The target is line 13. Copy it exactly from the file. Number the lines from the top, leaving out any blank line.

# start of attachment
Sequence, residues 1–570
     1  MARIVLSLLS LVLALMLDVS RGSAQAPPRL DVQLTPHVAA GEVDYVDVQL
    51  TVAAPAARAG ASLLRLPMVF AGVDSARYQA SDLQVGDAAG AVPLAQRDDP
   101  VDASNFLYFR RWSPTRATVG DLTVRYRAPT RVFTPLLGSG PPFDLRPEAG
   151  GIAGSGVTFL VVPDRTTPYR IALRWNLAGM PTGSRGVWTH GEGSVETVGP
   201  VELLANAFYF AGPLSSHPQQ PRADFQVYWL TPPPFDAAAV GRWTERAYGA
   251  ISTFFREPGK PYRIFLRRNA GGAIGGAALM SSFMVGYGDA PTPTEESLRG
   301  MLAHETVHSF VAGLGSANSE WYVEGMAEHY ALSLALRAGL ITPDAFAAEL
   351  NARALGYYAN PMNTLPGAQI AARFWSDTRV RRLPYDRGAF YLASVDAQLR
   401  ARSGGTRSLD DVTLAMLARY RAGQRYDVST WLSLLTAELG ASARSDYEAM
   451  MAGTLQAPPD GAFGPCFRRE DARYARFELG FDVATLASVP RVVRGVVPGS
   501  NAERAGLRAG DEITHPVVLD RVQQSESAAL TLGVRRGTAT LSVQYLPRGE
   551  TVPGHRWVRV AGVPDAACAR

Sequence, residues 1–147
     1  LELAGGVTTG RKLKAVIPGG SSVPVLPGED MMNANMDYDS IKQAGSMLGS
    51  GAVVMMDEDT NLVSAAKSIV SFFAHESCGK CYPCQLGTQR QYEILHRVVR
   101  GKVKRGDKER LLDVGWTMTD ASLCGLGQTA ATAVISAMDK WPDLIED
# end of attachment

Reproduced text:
   551  TVPGHRWVRV AGVPDAACAR